Social dreaming and ecocentric ethics: sources of non-rational insight in the face of climate change catastrophe
The article considers the role of dreams as social, rather than individual, phenomena and suggests that as such they may serve as resources for ‘future imaginings’ with respect to potentially devastating consequences of climate change (and other transgressions of planetary boundaries). Adopting a socio-analytical perspective, it contemplates the possibility of a societal level ‘cosmology episode’ caused by catastrophic climate change; a critical point of rupture in the meaning-making process which leaves local rationalities in ruin. Drawing on a ‘representative anecdote’, the article finds allegorical parallels between the cultural collapse of a traditional indigenous culture and the impending threat of ecocrisis currently facing humanity. The possibilities of seeing and imagining offered by collective forms of dreaming are explored alongside development of a non-anthropocentric ethics. Our focus is on ways of sensing, thinking and talking about climate change that are less dependent on a rational conscious subject. The article thus enquires into what cultural means or resources might be available to (post)modern western societies that, like the shamanic dream-vision of certain traditional cultures, might enable them to draw on non-anthropocentric sensibilities and organize responses to an impending cultural crisis. We conclude by offering Gordon Lawrence’s social dreaming matrix as one possible medium through which to imagine and see beyond climate change catastrophe.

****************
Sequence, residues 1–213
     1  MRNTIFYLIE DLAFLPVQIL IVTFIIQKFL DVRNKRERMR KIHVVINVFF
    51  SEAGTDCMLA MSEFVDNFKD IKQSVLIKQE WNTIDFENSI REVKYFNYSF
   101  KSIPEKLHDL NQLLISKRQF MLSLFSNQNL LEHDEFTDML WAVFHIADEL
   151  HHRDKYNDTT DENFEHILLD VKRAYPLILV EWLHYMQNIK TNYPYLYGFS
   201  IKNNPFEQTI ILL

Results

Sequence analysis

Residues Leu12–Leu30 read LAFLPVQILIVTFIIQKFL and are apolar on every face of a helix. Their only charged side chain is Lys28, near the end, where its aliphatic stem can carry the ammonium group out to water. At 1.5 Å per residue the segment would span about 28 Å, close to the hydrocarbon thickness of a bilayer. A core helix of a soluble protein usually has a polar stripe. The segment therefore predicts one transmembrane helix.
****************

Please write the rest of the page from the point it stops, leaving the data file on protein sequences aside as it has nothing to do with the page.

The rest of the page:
notes: Accepted subject to minor typographical corrections Nov 2012.
Author's accepted version. Final published version available at http://online.sagepub.com
September 2013 vol. 20 no. 5 705-721